6 Leadership Lessons from the Meditation Kitchen 🍲👨‍🍳🧘‍♀️

6 Leadership Lessons from the Meditation Kitchen 🍲👨‍🍳🧘‍♀️

I recently had the incredible opportunity to volunteer as a server at California Vipassana meditation center in Yosemite. As part of a diverse team of 12 volunteers, we cooked and served meals for 120 meditators every day. 

There were so many great lessons and practical reminders about real teamwork, leadership, and adapting to change - all within the Vipassana kitchen, of all places!

Our team consisted of individuals from widely various cultural backgrounds, professional careers, and walks of life - coming together from the United States, Mongolia, India, China, Sweden, Colombia, Iran, the Netherlands, and Russia.

Professors, bartenders, Series A startup founders, engineers, marketers, writers, students, and retirees - a truly diverse mix of people working and sharing a living space together.

Vipassana servers

Despite our differences - and sometimes challenges communicating in plain English since it was a second language for the majority of the group -  we operated like a well-oiled machine, cooking, serving, cleaning, and meditating in the most inclusive, peaceful, and productive environment.

So, what was our secret to making it work? Here's what I discovered:

🍎 Adapting to change: the key principle of the Insight meditation practice is learning to adapt to change without losing mental balance (equanimity), which allowed us to respond to situations non-judgmentally and take the best course of action.

🥑 Awareness and emotional intelligence: The practice of meditation itself served as an attunement tool, fostering better communication and flow within the team.

🥬 Shared purpose: We approached our work with a willingness to be of service, recognizing our direct contribution to creating the best meditative environment for others. Doing humble work became an empowering experience. 

🍅 True leadership emerges when a manager willingly takes on the most humbling tasks, stepping in for others who needed a break. It's all about supporting the team and creating a culture of camaraderie and collaboration.

🍊 Good documentation and knowledge sharing: Daily tasks were organized on a whiteboard, and every recipe or routine task had step-by-step instructions accompanied by videos on using commercial-grade equipment (ever used a Robot Coupe? It can be intimidating!). Timely tips from experienced servers also helped avoid a couple of kitchen disasters.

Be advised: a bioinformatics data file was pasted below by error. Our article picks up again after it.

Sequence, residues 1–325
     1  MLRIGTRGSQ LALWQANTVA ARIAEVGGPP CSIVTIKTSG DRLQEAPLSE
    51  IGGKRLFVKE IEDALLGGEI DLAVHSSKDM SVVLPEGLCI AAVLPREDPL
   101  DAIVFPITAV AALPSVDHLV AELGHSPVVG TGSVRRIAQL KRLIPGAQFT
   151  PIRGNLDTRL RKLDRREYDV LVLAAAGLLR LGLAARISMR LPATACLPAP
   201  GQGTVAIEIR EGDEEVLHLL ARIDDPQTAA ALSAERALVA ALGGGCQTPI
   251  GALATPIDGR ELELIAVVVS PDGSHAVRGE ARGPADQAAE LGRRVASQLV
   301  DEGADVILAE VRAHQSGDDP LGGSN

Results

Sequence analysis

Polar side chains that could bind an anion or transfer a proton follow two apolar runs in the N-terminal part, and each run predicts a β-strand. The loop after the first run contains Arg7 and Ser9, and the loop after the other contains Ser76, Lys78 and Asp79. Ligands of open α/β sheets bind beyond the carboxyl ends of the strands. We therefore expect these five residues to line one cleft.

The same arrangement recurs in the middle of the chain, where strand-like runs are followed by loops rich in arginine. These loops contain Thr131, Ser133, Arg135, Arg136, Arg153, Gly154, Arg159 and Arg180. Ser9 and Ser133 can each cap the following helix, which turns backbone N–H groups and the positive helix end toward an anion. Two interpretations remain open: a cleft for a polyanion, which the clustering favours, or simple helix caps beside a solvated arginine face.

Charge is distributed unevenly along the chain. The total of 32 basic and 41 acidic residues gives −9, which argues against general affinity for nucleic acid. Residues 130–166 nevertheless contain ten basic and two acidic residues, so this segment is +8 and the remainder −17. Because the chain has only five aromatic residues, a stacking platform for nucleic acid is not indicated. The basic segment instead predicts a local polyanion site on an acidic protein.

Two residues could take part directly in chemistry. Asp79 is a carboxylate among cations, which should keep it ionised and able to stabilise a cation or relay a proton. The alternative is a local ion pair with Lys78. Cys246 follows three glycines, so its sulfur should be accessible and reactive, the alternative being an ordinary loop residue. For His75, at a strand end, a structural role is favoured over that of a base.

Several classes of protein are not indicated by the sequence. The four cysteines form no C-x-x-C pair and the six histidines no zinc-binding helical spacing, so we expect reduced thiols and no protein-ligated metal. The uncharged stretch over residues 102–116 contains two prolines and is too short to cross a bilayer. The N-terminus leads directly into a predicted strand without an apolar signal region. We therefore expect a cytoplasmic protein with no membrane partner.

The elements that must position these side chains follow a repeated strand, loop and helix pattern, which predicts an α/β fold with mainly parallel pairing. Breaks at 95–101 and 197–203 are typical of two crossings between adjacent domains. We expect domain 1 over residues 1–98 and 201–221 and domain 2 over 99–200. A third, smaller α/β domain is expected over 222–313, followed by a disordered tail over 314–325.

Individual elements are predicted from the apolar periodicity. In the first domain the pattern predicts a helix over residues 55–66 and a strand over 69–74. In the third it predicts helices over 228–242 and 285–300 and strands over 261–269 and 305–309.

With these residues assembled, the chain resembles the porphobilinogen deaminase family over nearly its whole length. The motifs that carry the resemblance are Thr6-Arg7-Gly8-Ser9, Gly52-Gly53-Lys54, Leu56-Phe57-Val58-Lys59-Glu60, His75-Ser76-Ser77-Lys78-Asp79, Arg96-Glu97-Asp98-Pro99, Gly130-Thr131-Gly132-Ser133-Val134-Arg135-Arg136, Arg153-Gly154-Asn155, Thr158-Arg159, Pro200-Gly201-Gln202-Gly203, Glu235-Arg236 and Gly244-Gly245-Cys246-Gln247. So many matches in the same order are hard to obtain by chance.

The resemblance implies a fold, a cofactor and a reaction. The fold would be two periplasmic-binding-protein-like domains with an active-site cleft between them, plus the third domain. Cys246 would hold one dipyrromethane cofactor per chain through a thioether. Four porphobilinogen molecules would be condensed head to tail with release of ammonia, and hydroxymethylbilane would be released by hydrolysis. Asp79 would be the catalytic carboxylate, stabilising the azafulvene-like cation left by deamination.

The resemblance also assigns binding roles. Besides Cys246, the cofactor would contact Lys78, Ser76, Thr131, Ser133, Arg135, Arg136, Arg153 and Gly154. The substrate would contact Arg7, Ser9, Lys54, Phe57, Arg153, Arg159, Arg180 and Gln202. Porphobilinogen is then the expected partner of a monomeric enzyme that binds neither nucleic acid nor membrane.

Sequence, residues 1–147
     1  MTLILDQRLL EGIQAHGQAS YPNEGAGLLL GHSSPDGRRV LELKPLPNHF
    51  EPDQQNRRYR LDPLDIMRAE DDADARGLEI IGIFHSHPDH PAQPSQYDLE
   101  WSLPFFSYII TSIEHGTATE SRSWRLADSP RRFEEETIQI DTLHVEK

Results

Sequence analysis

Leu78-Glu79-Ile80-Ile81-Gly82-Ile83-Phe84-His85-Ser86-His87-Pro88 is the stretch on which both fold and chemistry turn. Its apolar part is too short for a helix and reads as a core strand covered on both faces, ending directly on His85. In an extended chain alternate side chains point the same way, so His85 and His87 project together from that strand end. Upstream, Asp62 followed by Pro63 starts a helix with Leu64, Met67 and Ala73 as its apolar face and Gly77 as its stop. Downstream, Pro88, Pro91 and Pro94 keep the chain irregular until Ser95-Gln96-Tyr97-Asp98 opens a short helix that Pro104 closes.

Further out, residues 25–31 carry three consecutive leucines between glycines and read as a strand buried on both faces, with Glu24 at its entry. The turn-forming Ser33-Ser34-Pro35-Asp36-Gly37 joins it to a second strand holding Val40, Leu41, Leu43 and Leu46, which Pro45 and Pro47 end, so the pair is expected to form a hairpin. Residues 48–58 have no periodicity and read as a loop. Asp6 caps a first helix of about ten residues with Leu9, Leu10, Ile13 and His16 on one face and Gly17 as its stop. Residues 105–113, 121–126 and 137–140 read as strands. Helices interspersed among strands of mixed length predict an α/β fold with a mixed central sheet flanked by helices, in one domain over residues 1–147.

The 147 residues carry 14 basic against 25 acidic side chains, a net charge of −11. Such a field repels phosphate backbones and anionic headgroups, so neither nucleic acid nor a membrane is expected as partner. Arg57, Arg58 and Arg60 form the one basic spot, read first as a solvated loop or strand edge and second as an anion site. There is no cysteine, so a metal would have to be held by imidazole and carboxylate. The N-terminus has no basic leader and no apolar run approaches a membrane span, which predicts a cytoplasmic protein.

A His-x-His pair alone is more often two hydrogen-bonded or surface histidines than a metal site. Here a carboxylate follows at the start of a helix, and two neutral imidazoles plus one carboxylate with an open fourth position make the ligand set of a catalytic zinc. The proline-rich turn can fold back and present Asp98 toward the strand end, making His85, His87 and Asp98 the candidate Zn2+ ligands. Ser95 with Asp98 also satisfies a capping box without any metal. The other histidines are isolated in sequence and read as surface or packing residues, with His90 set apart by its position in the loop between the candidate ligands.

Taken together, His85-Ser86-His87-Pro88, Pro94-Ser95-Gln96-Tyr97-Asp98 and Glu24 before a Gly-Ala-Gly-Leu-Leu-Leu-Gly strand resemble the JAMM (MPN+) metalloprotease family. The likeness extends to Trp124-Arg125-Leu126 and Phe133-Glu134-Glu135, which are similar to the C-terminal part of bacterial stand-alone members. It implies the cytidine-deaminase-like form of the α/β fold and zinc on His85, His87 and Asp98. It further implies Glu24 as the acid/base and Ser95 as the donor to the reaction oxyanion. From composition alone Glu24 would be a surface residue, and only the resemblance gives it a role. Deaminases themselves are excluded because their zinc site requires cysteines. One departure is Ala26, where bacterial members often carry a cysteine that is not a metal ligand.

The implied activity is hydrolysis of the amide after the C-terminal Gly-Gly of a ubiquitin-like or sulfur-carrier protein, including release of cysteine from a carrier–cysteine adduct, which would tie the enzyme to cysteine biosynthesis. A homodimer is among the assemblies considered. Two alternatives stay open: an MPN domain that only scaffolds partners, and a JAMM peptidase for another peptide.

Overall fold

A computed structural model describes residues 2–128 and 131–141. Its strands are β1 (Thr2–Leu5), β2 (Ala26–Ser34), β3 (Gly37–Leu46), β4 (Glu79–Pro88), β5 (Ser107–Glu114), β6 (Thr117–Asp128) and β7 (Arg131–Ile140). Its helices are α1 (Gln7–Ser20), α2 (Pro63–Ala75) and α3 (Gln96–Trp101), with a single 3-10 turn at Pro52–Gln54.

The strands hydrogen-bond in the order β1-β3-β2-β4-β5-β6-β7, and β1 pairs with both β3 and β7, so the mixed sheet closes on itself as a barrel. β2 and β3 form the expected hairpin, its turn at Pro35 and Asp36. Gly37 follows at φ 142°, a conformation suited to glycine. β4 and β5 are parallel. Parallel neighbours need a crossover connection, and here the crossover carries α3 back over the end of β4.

🍋 Selfless environment: By setting aside our egos and prioritizing collective goals, we had a greater sense of unity, trust and support. That feeling of knowing your team has your back, even after just a few days of being together.

🍞 All of the above sparked creativity and a bit of "kitchen innovation" into our service as we were thinking what else we could do to make the meditation experience even better.

Surprisingly, despite the long days from 4 am to 10 pm, I felt energized and brimming with ideas. 

Server room at California Vipassana Center

🍫 I had an idea to dedicate 10% of our volunteer time to create artisanal chocolate for sale at wellness-minded grocery chains like Sprouts Market and Whole Foods. I envisioned marketing it as chocolate made in a meditative environment, infused with the tranquility, awareness, and serenity of the meditators who made it.

Interestingly, Whole Foods partnered with meditation platform Headspace to help consumers improve their well-being through "Food for Mood," tapping into positive moods associated with certain foods. It feels like we might be onto something here as mindfulness expands into the retail world!

All proceeds from the chocolate sales would support non-profit meditation centers and make meditation courses more accessible to people. Everyone seemed to love the idea, and we collaborated on a pilot batch, creating varieties like "Zen & Zest," "Raisins & Seeds," and "Prunes & Walnuts." 

While it's uncertain if it will ever hit the stores, we had a blast co-creating and supporting each other's mindfulness practice at the Vipassana course. 

Bottom line, I don't know which I liked better: sitting or serving a course as each offers a deeply rewarding experience in its own way. One thing you should know if you are considering serving a course, this is going to be a fantastic way to deepen your meditation practice and benefit from giving back.

Photos taken by Maud, one of our Dhamma workers I had the pleasure serving with.

Vipassana Pagoda at night in North Fork
Vipassana Center Pagoda at North Fork Center

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